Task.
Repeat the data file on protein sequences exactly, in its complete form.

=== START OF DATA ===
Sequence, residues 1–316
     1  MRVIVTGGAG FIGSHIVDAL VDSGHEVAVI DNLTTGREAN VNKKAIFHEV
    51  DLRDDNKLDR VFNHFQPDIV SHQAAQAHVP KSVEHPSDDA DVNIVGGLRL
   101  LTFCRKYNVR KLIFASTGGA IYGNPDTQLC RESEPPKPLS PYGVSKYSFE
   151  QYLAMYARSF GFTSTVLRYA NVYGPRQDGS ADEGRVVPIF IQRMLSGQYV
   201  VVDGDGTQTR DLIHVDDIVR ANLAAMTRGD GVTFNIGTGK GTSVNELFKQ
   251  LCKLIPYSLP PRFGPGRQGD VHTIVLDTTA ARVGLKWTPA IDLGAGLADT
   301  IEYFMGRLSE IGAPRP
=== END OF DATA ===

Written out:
Sequence, residues 1–316
     1  MRVIVTGGAG FIGSHIVDAL VDSGHEVAVI DNLTTGREAN VNKKAIFHEV
    51  DLRDDNKLDR VFNHFQPDIV SHQAAQAHVP KSVEHPSDDA DVNIVGGLRL
   101  LTFCRKYNVR KLIFASTGGA IYGNPDTQLC RESEPPKPLS PYGVSKYSFE
   151  QYLAMYARSF GFTSTVLRYA NVYGPRQDGS ADEGRVVPIF IQRMLSGQYV
   201  VVDGDGTQTR DLIHVDDIVR ANLAAMTRGD GVTFNIGTGK GTSVNELFKQ
   251  LCKLIPYSLP PRFGPGRQGD VHTIVLDTTA ARVGLKWTPA IDLGAGLADT
   301  IEYFMGRLSE IGAPRP